Tur­bine height re­opens de­bate

Panel seeks in­put as 200 feet added to Ocean City mills

Baltimore Sun Sunday - - FRONT PAGE - By Scott Dance

De­vel­op­ers of two wind farms off Mary­land’s At­lantic coast say they will build tur­bines more than 200 feet taller than those ini­tially pro­posed, in­ten­si­fy­ing fears of spoiled views from Ocean City and prompt­ing state reg­u­la­tors to re­open dis­cus­sion about the projects two years af­ter bless­ing them. The Mary­land Public Ser­vice Com­mis­sion is seek­ing new in­put on the po­ten­tial im­pact of the wind­mills, roughly 20 miles from shore but sev­eral hun­dred feet higher than Bal­ti­more’s tallest build­ings. Po­ten­tial im­pacts could in­clude harm to birds or com­mer­cial fish­ing, though the strong­est op­po­si­tion has fo­cused on an ex­pec­ta­tion that wind farms vis­i­ble from shore would send tourists flee­ing to beaches with pris­tine views in other states. The state reg­u­la­tory panel, which in 2017 au­tho­rized mil­lions of dol­lars in ratepayer sub­si­dies for the wind farms, is­sued its call days af­ter Gov. Larry Ho­gan’s ad­min­is­tra­tion urged the five mem­bers to con­sider “ad­di­tional re­view” of the projects. The Mary­land En­ergy Ad­min­is­tra­tion, which leads state ef­forts to re­duce re­liance on for­eign fuel and

im­prove the en­vi­ron­ment, said a closer look is needed given con­cerns from Ocean City that off­shore wind plans “have dras­ti­cally changed since they were first ap­proved.”

Of­fi­cials de­clined to spec­u­late on what ac­tion the com­mis­sion could take once it re­views public com­ments, which were due Fri­day. But a spokes­woman said the panel has the au­thor­ity to re­scind or amend its or­der grant­ing the wind farms ratepayer sub­si­dies — money that is key to fi­nanc­ing projects that to­gether will cost more than $2 bil­lion.

Ocean City Mayor Rick Mee­han said he hopes com­mis­sion­ers step in to force the de­vel­op­ers to move the projects far­ther from shore, lest the view from beaches look “like Star Wars.”

“It will change the hori­zon off the town of Ocean City for­ever,” Mee­han said.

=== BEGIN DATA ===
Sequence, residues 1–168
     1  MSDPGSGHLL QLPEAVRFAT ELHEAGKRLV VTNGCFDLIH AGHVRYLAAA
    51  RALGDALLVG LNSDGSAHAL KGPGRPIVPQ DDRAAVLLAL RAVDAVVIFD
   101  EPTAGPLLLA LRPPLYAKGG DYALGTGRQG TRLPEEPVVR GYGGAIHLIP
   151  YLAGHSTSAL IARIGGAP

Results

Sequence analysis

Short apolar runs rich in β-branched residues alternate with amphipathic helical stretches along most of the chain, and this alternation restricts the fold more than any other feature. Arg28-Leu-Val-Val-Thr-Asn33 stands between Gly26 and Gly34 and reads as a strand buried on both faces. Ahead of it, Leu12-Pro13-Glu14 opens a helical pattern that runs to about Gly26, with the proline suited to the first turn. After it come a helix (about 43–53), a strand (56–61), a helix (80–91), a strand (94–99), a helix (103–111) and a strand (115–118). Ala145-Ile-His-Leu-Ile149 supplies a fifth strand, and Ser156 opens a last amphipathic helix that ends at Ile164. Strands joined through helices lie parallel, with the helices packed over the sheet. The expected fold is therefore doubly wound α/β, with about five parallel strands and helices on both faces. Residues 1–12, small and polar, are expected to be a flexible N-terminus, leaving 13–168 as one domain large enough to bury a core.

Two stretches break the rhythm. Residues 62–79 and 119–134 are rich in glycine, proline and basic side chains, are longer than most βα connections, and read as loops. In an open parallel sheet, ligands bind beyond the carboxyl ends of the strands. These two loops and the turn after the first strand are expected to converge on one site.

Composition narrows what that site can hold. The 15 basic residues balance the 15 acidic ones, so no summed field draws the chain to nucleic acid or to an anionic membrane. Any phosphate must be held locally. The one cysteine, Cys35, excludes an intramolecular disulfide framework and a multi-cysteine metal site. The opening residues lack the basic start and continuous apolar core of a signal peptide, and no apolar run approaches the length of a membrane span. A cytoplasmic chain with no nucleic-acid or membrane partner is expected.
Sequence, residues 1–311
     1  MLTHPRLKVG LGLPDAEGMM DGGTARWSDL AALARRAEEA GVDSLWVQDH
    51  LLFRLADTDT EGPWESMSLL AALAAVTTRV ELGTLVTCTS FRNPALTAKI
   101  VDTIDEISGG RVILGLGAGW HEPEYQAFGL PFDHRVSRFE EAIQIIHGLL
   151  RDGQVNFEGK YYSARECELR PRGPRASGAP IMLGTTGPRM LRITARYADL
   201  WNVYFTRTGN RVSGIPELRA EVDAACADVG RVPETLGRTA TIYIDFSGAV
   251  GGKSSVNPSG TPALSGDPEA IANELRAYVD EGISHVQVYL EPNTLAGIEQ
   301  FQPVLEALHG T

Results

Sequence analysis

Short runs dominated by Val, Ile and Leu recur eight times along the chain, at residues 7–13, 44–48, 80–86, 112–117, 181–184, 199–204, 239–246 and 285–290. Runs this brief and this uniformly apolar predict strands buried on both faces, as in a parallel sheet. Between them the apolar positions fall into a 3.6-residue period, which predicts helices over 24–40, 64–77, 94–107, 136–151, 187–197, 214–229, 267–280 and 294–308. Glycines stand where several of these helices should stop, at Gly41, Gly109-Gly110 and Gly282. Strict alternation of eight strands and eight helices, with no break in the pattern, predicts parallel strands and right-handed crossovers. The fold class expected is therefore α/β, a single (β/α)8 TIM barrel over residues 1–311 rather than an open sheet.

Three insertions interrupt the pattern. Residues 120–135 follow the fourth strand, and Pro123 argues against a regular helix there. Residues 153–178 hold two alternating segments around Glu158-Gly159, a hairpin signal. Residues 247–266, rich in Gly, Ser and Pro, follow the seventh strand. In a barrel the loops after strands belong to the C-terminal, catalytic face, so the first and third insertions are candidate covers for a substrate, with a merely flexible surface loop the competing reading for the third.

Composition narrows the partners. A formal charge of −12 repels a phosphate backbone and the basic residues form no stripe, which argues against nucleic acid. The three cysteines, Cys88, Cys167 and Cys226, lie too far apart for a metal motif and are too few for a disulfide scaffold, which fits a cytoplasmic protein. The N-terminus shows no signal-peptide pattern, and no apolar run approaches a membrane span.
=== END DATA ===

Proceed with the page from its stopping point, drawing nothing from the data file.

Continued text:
Rep­re­sen­ta­tives for the two projects, known as the U.S. Wind and Skip­jack de­vel­op­ments, said there is no rea­son to re­con­sider their pro­pos­als be­cause they are up­hold­ing their end of the 2017 agree­ment with the com­mis­sion. The panel’s or­der grant­ing them ratepayer sub­si­dies called for them to use the best tech­nol­ogy avail­able, ac­knowl­edg­ing that the projects would take years and that tur­bine de­sign would change over time, they noted.

The in­dus­try is mov­ing to­ward larger tur­bines be­cause they can reach stronger winds high off the ground and pro­duce more en­ergy. Plus, in­creas­ing the power ca­pac­ity of one wind­mill can mean fewer of them need to be built, re­duc­ing in­stal­la­tion and main­te­nance costs.

In in­creas­ing the size of its tur­bines from 541 feet to as much as 800 feet, U.S. Wind is re­duc­ing the num­ber of tur­bines from 63 to 32. The de­vel­oper says that with fewer tur­bines, it can build them far­ther from shore, ex­pect­ing the clos­est ones to be 17 miles or more from the beach. The pro­ject is sched­uled to start op­er­at­ing in 2023.

“This is yet an­other at­tempt to jeop­ar­dize the pro­ject in, I would say, a disin­gen­u­ous way,” said Salvo Vi­tale, gen­eral coun­sel for U.S. Wind, a sub­sidiary of Ital­ian com­pany Renexia S.p.A.

The Skip­jack farm, which has re­ceived less crit­i­cism from Ocean City but got­ten some at­ten­tion in Fen­wick Is­land, Delaware, plans to build tur­bines 860 feet tall and be­gin op­er­at­ing them in 2022. Though that is 220 feet higher than orig­i­nally planned, the de­vel­oper, a sub­sidiary of Dan­ish com­pany Ørsted, has not changed its plans to build about 15 wind­mills at least 20 miles from the coast, to the north of the U.S. Wind devel­op­ment.

“When you’re look­ing at them at the dis­tance you will be from shore, it’s pretty hard to tell the dif­fer­ence,” said Joy We­ber, a devel­op­ment man­ager for Ørsted.